The industry body added that levomefolate has been determined to be safe at a daily dose of 1mg per day by international regulators, on top of being sold in the country as an ingredient for many years without issues.
Also known as 5-methyltetrahydrofolate (5-MTHF), levomefolate is a biologically active form of folate. It is found in circulation in the human body and can be utilised directly by the body when consumed.
It has been used in dietary supplements and is often consumed by specific consumer groups – such as pregnant women to prevent the risk of neural tube defects in newborns that arise due to folic acid deficiency.
An example of a product containing levomefolate is Bayer’s Elevit.
The Medicines Classification Committee (MCC) formed by the New Zealand Medicines and Medical Devices Safety Authority (Medsafe) recently put out a proposal to schedule products containing more than 500 mcg levomefolate per day as a pharmacy-only product.
The definition of a levomefolate pharmacy-only product is: “For oral use in medicines containing more than 500 micrograms per recommended daily dose.
“When the medicine contains a combination of folic acid, folinic acid or levomefolic acid, the medicine must not provide more than a combined total of 500 micrograms of folic acid, folinic acid and levomefolic acid per maximum recommended daily dose.”
In addition, the committee is proposing to categorise products containing folic acid and folinic acid as pharmacy-only if the two ingredients exist in more than 500mcg per recommended daily dose.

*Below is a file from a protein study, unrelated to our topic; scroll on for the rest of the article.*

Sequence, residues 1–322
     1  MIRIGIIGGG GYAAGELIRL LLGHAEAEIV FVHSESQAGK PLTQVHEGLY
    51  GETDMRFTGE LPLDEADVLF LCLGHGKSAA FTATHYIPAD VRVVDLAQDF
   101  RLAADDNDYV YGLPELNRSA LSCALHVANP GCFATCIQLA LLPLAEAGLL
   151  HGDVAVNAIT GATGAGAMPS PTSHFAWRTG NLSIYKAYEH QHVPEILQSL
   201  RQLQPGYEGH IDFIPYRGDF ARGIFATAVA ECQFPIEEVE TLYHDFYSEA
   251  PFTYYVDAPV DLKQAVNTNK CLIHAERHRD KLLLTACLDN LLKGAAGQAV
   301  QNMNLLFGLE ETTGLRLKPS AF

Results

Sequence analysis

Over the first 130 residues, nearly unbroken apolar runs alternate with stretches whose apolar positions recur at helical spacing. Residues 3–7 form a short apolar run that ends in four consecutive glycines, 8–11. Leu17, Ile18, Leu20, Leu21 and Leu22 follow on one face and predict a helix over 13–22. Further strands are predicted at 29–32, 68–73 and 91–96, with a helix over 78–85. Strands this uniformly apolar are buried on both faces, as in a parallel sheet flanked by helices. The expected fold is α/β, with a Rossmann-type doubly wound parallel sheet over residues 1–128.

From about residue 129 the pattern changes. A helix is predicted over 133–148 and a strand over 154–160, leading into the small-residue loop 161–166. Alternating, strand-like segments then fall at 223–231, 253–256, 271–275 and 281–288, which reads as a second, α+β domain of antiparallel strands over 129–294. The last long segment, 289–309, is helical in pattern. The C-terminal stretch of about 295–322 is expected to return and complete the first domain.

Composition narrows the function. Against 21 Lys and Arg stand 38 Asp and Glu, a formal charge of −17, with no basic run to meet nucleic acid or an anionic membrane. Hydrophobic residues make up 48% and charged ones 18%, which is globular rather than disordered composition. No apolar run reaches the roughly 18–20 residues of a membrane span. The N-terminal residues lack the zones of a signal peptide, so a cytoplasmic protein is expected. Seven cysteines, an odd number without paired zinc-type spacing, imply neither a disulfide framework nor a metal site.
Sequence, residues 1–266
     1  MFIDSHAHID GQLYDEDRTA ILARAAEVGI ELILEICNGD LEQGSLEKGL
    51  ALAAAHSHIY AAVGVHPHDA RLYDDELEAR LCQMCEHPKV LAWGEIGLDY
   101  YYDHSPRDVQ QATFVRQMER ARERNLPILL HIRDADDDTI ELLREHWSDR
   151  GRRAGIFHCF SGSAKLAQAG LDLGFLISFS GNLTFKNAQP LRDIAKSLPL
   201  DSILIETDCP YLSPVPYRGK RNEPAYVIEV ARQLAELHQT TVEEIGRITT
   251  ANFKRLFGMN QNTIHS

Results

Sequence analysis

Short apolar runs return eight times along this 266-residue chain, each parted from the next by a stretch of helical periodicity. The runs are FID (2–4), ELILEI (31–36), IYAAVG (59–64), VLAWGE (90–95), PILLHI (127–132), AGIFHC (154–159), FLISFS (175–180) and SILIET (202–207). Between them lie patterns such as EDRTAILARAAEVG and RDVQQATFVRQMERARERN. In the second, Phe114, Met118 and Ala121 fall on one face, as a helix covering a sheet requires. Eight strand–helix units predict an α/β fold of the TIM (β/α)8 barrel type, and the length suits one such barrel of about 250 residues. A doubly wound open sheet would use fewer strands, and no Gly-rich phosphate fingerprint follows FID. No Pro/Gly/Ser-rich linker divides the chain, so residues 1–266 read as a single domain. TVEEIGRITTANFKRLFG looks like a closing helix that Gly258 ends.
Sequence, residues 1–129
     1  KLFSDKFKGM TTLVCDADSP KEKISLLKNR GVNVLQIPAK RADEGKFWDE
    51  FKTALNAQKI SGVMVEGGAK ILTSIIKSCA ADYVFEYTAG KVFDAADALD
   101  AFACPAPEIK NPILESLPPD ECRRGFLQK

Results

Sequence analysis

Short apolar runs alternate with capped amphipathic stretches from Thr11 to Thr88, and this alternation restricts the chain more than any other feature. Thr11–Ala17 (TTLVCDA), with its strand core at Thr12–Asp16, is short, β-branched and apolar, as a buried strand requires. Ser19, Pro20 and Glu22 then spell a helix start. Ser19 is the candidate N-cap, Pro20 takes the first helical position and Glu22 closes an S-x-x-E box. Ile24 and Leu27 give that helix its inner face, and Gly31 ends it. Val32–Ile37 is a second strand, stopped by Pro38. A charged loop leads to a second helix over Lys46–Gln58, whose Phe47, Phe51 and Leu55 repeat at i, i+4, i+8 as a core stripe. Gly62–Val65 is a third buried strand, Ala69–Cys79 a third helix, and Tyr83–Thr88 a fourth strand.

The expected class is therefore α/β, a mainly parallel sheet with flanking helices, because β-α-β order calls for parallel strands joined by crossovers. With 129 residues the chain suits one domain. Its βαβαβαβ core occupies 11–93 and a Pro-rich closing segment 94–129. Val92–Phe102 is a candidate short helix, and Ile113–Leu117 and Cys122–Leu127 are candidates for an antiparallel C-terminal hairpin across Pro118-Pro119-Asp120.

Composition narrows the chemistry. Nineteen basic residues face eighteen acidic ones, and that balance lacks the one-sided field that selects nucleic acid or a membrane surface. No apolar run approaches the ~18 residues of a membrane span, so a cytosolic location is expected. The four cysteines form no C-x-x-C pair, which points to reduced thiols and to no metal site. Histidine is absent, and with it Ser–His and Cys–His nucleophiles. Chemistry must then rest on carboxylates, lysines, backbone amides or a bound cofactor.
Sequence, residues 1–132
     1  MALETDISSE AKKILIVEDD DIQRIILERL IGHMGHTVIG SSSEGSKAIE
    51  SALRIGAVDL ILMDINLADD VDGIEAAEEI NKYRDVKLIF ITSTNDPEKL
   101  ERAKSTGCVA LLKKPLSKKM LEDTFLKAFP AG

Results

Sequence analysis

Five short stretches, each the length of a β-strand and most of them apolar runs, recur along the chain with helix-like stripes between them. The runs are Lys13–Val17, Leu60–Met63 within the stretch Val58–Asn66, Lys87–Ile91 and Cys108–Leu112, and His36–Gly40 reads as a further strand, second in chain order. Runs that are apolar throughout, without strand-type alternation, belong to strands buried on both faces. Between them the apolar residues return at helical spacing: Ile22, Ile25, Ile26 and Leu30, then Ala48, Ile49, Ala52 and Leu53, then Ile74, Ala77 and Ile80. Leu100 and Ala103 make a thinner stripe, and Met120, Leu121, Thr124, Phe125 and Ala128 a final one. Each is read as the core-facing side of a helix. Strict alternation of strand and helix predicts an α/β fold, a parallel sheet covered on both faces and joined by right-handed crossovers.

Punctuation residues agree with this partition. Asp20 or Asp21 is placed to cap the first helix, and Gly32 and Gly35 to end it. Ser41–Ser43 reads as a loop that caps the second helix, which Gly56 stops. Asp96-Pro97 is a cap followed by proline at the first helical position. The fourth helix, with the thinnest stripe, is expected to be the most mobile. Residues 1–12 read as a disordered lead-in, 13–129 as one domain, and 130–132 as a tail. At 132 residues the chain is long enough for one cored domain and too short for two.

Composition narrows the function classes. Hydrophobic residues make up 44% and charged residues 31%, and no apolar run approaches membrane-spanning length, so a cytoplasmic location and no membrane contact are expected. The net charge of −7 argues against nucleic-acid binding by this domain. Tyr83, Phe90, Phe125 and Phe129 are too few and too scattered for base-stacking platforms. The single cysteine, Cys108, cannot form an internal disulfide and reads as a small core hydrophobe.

Industry body NHPNZ has raised concerns over the recommendations.
For one, it argued that scheduling levomefolate at any level would mean that all products containing levomefolate would as a result, be regarded as medicines.
“We will be objecting to this classification of levomefolate because levomefolate has been sold in New Zealand as an ingredient for many years without any issues,” NHPNZ said in a notice to members.
“International regulators have determined that levomefolate is safe at a daily dose of 1 mg per day.
“Restricting levomefolate to 500 mcg per day will limit export opportunities for NZ manufacturers as over half of the global market of supplements (by size) has a limit of 1mg per day."
The MCC, on the other hand, has made its rebuttal to NHPNZ, arguing that the scheduling of levomefolate would not necessarily indicate that all products containing the substance are medicines, citing the examples of folic acid and potassium.
“Scheduling of levomefolate would not necessarily indicate that all products containing this substance are medicines, just as not all products containing folic acid are medicines.
“Other examples such as potassium, which is scheduled and can be a medicine but is also an ingredient of many sports drinks, were discussed,” it said in its meeting minutes published on July 6.
Nonetheless, it highlighted that since some products containing levomefolate sold in New Zealand are for a therapeutic purpose – such as reducing the risk of neural tube defects in pregnancy – and thus, they should be considered as medicines, regardless of any classification.